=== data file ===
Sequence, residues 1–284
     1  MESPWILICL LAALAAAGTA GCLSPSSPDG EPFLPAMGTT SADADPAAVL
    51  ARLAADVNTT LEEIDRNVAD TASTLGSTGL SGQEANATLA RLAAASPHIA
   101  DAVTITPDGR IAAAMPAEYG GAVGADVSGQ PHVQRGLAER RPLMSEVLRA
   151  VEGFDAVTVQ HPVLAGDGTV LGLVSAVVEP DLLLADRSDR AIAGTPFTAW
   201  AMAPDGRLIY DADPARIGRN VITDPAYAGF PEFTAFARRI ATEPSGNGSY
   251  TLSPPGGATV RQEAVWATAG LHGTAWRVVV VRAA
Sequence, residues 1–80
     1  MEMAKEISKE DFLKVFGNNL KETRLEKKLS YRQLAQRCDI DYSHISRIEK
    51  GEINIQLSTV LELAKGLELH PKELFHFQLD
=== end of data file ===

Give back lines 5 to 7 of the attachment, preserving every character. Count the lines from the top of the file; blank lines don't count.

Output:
   151  VEGFDAVTVQ HPVLAGDGTV LGLVSAVVEP DLLLADRSDR AIAGTPFTAW
   201  AMAPDGRLIY DADPARIGRN VITDPAYAGF PEFTAFARRI ATEPSGNGSY
   251  TLSPPGGATV RQEAVWATAG LHGTAWRVVV VRAA